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Pet Food Politics: Know Where Your Dog's Food Comes From
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Nestle: We think veterinarians need to be taught more about nutrition, and by experts who don’t work for pet food companies. Mal surveyed veterinary schools to find out whether they were worried about the conflicts of interest caused by pet food company involvement. Most weren’t. They should be. The veterinary school at Cornell is covered with posters from pet food companies.

Nesheim: Right. And our students get free pet food from pet food companies.

Nestle: The entire system works just like drug company involvement in medical schools. Pet food companies provide free food and swag to students, write the major nutrition textbooks, and sponsor students and professors. And veterinary practices sell pet food. We think all this creates conflicts of interest that deserve some critical attention.

Plenty of evidence supports the idea that drug companies influence prescription practices. Why would pet food be any different? Veterinarians don’t have to know anything about nutrition because pet foods are “complete and balanced.” All they have to say is “Buy this brand.” That’s why Feed Your Pet Right isn’t so much about what to feed dogs or cats as it is about how to think about how to feed them. It’s a mixture of What to Eat and Food Politics for pets.

Nesheim: We also talk about how the veterinary profession thinks cooking for your pet is the worst thing in the world to do. After the melamine recalls, a veterinary group put out a statement saying that people should be careful about cooking for their own pets, because after all, pet food companies hire PhD nutritionists to do this. [Laughter]

Nestle: We laughed when we read Hills’ book about clinical nutrition for pets. It’s a really good book, but the chapter on pet feeding goes on and on about how it’s too dangerous to cook for pets. But then it gives completely simple, generic recipes for complete-and-balanced diets for dogs and cats. The recipes are so easy that anyone could follow them.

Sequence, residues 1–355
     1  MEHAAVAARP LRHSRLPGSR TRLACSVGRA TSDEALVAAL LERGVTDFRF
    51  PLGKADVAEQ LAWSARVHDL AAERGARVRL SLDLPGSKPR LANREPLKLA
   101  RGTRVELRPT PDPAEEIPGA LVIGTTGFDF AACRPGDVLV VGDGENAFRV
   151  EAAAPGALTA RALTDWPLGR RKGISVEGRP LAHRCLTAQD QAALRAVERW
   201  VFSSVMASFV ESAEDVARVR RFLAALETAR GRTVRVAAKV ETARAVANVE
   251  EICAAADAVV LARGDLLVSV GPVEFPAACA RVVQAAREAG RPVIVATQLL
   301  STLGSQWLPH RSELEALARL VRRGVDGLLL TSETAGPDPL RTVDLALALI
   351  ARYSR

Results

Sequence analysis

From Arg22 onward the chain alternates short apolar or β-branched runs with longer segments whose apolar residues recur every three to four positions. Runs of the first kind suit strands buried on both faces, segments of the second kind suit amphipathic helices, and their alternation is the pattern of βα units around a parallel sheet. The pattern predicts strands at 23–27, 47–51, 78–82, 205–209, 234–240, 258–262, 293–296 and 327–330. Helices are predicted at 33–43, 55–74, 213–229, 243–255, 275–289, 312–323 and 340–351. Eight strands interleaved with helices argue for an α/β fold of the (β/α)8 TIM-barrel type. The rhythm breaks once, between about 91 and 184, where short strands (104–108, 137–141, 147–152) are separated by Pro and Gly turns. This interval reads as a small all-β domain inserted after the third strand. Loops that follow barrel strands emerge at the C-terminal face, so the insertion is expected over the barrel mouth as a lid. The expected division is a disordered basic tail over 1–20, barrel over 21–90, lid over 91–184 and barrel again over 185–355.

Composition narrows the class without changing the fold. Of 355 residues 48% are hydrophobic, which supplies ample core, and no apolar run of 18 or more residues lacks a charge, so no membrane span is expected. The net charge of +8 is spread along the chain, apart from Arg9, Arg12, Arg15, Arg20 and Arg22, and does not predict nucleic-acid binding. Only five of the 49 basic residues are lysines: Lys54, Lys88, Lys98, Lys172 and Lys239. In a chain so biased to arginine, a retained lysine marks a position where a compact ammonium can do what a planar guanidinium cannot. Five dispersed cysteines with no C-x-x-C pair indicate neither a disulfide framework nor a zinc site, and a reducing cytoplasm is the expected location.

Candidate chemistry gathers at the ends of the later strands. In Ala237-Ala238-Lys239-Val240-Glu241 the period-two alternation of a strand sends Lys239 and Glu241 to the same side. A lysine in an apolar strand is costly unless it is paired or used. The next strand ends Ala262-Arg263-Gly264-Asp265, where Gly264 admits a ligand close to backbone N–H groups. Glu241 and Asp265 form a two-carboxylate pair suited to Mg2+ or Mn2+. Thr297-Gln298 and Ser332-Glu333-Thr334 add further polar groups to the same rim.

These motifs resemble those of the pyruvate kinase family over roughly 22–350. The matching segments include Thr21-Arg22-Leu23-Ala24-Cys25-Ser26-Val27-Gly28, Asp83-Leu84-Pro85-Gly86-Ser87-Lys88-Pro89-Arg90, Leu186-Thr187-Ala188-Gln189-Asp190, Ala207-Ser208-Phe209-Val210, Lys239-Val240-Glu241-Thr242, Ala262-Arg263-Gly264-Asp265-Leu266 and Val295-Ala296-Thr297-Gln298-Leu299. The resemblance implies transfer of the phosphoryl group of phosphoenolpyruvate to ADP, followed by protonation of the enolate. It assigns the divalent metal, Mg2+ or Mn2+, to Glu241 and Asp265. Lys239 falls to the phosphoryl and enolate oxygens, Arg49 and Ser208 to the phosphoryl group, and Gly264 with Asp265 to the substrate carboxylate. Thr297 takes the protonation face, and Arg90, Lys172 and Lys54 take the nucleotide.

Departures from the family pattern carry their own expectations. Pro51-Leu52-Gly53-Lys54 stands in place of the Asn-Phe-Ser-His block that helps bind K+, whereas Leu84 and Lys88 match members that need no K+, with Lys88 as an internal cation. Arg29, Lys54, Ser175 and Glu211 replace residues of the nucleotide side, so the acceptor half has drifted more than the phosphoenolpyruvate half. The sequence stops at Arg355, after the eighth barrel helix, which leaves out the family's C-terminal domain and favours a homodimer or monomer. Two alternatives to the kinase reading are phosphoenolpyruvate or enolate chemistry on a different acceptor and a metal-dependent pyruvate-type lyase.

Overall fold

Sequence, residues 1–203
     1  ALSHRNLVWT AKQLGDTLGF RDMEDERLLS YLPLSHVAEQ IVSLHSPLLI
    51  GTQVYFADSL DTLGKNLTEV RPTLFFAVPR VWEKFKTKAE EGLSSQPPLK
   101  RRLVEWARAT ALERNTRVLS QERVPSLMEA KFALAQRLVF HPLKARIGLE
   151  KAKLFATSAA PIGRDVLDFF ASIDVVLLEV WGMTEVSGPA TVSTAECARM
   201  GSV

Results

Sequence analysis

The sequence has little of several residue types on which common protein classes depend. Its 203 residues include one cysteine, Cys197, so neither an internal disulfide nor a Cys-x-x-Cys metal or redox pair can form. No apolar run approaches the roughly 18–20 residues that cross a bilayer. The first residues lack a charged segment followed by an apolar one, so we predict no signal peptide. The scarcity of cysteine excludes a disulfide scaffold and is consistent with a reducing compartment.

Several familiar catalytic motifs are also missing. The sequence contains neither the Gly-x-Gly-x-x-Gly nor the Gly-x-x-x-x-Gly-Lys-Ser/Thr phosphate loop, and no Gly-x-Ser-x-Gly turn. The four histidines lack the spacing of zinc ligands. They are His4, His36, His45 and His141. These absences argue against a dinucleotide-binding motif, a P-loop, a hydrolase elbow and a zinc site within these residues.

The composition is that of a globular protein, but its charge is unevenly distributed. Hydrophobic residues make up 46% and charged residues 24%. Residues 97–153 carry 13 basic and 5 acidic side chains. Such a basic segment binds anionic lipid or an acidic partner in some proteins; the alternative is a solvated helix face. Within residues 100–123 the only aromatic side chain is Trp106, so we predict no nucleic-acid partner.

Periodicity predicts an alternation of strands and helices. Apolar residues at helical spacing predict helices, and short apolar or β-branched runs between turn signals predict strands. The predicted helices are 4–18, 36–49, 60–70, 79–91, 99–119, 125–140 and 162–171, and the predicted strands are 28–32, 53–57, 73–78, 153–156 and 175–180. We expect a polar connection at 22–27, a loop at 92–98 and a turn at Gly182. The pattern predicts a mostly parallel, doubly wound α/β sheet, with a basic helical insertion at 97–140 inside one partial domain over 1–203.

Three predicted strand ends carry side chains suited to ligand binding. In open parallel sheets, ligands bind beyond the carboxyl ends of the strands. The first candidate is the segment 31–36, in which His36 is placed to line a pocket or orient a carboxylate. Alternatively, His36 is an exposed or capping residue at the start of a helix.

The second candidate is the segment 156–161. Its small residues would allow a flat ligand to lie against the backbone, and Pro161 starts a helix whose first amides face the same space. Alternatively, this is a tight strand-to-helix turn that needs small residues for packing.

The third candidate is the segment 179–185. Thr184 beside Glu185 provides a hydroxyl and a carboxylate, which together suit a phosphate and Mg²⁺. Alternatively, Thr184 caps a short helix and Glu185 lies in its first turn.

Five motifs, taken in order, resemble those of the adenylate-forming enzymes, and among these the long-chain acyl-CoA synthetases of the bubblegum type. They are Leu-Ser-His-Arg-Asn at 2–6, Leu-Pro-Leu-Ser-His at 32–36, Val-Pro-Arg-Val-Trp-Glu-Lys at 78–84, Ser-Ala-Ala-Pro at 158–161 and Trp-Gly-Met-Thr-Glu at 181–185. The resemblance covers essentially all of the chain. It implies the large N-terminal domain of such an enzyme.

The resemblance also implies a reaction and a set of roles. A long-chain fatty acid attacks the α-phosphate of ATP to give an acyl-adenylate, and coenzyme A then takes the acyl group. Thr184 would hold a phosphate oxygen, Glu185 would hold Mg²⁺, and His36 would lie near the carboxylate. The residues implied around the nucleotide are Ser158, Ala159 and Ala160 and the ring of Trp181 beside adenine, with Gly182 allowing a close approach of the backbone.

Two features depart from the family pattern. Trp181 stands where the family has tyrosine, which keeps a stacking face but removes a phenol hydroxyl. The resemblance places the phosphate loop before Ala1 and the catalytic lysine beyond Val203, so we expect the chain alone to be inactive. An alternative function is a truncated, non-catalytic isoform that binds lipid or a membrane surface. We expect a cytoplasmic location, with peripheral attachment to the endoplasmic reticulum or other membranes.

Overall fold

BARK: Would you make food for your pets?

Nestle: Oh, probably not. I hardly ever make food for myself.

Nesheim: I grew up on a farm and we fed our pets from the table. We didn’t buy pet food—we fed our pets pretty much what we ate.

BARK: How’d they do on that kind of diet?

Nesheim: They did just fine. We had very healthy, well-adjusted animals. We talk about this quite a bit in our book. How you decide to feed your pet depends a lot on your own value system. You can accommodate the nutritional needs of your pet in a variety of ways—commercial foods, home cooking, raw foods, or some combination. What you do depends on the amount of time you’re willing to spend, your value system and the kind of a life you want your pets to have. Fortunately, there are lots of good choices.

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This article first appeared in The Bark,
Issue 55: July/Aug 2009
Christie Keith has covered canine health and welfare issues since 1991, is the lead science reporter for Pet Connection and writes the "Your Whole Pet" column.

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